Sunday, November 23, 2014

Parque Zoologico Concepcion

This week we attended Barrio Penco, which is one of the sweetest and most loving of wards. The members welcomed us warmly, and when one of the elderly ladies fainted during a meeting, the bishop stood up and calmly made assignments to everyone concerned with taking care of her. We loved attending this ward.

Few members knew about changes in the Perpetual Education Fund, so we gave out materials and had another impromptu meeting under the direction of the bishop to explain it all.

The view from the second story of the Penco chapel, across the Bay of Concepcion to the Naval Base on Talcahuano, where we played golf last week.

A photo of me beside the ward building.

This was the last week of classes for weaving and felting. I wanted to take a photo of our smiling Nuvia and her Nativity figures, so she had to dress up specially in her uniform.

Our favorite weaver also does exquisite needle felting, as would be expected.

For our week's adventure all the senior missionaries, including the two new office couples, visited the Zoo Concepcion in Valle Nonguen, south of Collao. We had been told it was just a small zoo, but it certainly held its own with all the zoos I've visited. The Chilean greeter insisted on taking photos of everyone as we came in.

Cabras de la Isla Juan Fernandez, miniature goats from Robinson Crusoe's islands due west of Valparaiso.

Among the lovely birds in the laguna section was this Caiquen, with a habitat ranging from the Cone of South America (Chile and Argentina) to the Straits of Magellan.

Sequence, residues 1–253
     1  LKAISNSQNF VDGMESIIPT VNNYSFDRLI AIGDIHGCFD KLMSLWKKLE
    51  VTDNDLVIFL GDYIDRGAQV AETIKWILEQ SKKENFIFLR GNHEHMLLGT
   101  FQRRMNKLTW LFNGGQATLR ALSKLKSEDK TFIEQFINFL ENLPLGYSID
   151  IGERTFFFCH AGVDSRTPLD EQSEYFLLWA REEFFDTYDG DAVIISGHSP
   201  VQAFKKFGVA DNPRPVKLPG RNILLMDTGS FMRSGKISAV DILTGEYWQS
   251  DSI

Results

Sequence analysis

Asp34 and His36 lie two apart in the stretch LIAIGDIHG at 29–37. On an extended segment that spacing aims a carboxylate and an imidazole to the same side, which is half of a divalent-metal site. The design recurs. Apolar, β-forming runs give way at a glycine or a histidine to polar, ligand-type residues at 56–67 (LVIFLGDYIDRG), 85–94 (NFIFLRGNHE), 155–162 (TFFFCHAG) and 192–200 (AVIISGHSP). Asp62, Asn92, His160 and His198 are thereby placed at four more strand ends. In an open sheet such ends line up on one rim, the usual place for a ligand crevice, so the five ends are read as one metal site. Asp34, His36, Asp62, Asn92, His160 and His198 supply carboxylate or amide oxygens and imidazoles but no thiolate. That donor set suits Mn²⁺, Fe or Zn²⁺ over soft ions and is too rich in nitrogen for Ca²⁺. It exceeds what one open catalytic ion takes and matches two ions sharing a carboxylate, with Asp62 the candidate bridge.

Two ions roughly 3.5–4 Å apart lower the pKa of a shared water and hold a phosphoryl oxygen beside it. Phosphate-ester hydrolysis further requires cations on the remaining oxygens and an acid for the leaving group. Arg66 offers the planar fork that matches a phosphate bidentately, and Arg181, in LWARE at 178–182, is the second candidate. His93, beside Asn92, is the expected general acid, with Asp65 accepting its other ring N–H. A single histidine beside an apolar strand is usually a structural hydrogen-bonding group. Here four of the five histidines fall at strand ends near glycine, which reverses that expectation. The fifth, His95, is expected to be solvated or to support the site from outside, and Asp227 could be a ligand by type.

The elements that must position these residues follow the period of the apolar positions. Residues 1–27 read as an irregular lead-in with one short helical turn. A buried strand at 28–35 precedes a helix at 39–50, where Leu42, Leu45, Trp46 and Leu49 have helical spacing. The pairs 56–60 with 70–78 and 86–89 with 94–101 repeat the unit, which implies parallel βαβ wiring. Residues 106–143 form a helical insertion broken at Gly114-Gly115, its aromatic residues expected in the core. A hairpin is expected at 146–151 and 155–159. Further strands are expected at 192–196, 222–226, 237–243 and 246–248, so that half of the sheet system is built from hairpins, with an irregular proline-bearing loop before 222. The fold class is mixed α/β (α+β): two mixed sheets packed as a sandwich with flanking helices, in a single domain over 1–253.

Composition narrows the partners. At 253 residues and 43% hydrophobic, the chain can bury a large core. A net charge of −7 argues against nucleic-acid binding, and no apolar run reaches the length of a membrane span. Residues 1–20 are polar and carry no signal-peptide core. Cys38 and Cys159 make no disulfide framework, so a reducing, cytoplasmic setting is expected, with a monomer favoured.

The central exhibit was an Andean Condor, a beautiful fellow who seemed to know he was being photographed. He kindly posed for us wearing this beatific smile.

Anther sly glance for the camera 

 Llamas are ferocious protectors of sheep, and are often herded with them.

Not being a fan of monkeys in general, I still couldn't resist taking a photo of this Papion Sagrada, Sacred Baboon. I don't know what was sacred about him, with the evil eye he was giving me. 

Peuco, the Mapundungan word for Harris' Hawk, Parabueto Unicinctus, which ranges from the southwest coast of the United States to Chile and Argentina. These birds resemble peregrine falcons.

Native Chilean Pudu, the Mapundungan name for the world's smallest deer. These Pudu are eating their grain first and leaving the vegetables for last. 

The zoo even boasted two beautiful white tigers, a Bengal tiger, and a brown bear.

The Jirafa in an awkward-looking eating position

Liebre Mara or Patagonian Hare, or, as Elder Pendley likes to call them, Jackalopes.

My photos of the gigantic brown bear were not successful, but I did get a nice picture of his name, BooBoo the Bear. Bilz and Pap are popular strawberry and papaya flavored soft drinks in Chile.

The Emus' rather shaggy hairdos made me laugh, until this one started to yawn, after which I started yawning.

Our new senior missionaries, the Lees and the Wynns, sent from Arizona and Boise, to help in the Concepcion Sur and Concepcion Mission offices. The Pendleys and the Kauers are delighted to have them.

More tired missionaries, at the end of the trail at the Parque Zoologico Concepcion.

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